Trying To Seize Power

John 6:19–21, When they had rowed about three or four miles, they saw Jesus walking on the sea and coming near the boat, and they were frightened. But he said to them, “It is I; do not be afraid.” Then they were glad to take him into the boat, and immediately the boat was at the land to which they were going.

The Gospel writers often wrote about the same event from different perspectives. Using a harmony of the gospels, we see that John supplements the same account in Mark 6:47-49 and Mat 14:25-26, by writing the reason Jesus dismissed their crowds. He explains that after Jesus fed 5,000 hungry souls, people wanted to make Him a king. The problem with their motivation was that Jesus was already a king.

The Lord sits enthroned over the flood; the Lord sits enthroned as king forever. May the Lord give strength to his people! May the Lord bless his people with peace!” (Psa 29:10–11)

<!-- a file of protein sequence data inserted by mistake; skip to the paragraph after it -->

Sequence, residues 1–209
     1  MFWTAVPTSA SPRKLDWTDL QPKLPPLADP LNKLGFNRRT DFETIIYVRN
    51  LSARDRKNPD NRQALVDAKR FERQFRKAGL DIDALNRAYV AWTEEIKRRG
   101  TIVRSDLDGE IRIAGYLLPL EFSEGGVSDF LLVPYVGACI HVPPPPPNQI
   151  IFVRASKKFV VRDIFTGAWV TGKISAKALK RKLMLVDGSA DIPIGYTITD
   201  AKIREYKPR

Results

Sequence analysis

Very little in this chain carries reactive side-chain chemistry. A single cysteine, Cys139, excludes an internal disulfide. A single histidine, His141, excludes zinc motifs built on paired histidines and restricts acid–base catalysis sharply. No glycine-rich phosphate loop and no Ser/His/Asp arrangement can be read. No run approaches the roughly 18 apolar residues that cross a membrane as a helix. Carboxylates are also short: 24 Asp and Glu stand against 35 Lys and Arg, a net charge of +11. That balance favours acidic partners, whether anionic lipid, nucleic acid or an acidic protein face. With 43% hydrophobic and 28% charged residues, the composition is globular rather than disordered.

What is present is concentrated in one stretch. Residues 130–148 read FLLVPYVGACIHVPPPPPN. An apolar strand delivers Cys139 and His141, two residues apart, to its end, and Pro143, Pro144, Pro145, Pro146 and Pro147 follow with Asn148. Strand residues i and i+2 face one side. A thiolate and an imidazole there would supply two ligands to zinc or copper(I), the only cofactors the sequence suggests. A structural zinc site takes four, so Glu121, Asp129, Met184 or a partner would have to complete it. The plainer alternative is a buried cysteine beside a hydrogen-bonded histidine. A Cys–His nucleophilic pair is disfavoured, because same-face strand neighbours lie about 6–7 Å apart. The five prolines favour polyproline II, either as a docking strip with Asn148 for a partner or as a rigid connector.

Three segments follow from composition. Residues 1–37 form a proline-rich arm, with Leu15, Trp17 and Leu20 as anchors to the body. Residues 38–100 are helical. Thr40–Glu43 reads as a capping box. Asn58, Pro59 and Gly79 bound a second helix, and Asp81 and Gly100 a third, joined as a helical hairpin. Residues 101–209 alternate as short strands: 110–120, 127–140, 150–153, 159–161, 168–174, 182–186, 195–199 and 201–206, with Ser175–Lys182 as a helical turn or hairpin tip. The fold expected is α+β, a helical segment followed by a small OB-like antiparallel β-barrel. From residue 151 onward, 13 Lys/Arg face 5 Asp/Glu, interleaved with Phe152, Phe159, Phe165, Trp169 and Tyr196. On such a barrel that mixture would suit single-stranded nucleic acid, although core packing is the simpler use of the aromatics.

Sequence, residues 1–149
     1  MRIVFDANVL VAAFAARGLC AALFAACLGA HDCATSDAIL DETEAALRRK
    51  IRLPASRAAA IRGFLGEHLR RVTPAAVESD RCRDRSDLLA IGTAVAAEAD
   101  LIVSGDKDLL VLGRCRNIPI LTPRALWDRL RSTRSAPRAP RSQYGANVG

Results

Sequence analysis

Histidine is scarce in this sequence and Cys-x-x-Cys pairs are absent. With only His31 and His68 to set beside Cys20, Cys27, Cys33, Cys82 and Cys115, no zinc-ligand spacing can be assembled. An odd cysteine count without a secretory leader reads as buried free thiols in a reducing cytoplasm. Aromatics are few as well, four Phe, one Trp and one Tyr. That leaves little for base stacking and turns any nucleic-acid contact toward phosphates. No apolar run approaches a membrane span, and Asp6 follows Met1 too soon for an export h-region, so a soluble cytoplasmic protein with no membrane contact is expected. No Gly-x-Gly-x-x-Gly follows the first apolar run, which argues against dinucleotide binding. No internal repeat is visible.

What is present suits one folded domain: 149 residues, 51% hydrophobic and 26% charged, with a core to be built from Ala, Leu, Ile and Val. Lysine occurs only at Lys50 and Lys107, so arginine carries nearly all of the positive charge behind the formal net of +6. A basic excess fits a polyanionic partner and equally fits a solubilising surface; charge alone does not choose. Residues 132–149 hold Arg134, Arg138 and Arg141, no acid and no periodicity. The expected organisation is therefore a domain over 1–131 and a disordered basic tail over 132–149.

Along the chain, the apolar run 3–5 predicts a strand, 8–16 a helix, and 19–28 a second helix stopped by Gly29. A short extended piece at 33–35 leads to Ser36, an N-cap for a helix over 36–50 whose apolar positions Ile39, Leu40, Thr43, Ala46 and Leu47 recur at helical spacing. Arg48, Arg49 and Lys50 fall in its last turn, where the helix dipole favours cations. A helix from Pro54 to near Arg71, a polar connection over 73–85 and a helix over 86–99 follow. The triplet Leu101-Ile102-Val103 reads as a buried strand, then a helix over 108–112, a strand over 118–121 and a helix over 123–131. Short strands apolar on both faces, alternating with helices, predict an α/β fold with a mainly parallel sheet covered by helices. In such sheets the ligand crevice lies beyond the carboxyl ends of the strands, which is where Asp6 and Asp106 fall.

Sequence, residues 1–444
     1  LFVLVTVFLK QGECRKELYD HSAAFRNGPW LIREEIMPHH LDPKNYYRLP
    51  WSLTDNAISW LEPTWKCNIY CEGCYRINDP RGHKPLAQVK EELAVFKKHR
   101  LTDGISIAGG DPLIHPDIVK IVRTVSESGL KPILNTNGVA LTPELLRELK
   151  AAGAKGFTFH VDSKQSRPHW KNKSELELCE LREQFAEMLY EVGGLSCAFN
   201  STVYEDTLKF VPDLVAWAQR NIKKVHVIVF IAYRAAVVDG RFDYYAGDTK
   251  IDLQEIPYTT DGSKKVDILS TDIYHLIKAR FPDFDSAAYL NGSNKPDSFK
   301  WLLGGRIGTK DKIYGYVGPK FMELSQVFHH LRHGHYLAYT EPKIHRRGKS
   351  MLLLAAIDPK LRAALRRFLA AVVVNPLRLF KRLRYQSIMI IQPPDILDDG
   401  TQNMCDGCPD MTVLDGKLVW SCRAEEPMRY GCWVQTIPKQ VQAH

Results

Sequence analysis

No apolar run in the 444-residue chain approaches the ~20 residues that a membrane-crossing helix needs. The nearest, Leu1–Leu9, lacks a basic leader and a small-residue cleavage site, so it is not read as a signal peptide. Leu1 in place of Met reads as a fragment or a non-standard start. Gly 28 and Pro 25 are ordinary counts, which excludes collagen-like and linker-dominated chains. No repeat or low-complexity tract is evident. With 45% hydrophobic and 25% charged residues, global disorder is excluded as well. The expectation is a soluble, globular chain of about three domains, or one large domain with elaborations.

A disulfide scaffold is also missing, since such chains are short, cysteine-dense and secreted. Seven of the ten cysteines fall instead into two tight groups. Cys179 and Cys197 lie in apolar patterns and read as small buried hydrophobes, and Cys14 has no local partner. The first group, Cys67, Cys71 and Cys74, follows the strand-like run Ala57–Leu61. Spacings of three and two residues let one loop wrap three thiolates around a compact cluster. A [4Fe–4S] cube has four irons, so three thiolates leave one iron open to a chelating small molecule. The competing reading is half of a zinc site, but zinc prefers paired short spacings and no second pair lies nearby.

Jesus just miraculously fed them, who wouldn’t want a king like that. Cesar never did that for them, neither did Herod. They wanted Jesus to replace their political king by having Jesus assume the throne, because of their mob enthusiasm mindset. However, Jesus made it plain that His Kingdom was not of this world (John 18:36), as His Kingdom was a spiritual kingdom. Since He was already king, he would not be crassly forced by men to become what they wanted and oppose the will of God. Jesus knew their hearts and knew their will, ways, and thoughts were not on par with The Father’s (Isaiah 55:8-9). Jesus dismissed Himself from the crowds, and as King of kings communes with His Father alone in prayer.

Corum Deo: How often have you tried to manipulate the will of God for your own will, rather than to submit to God’s will?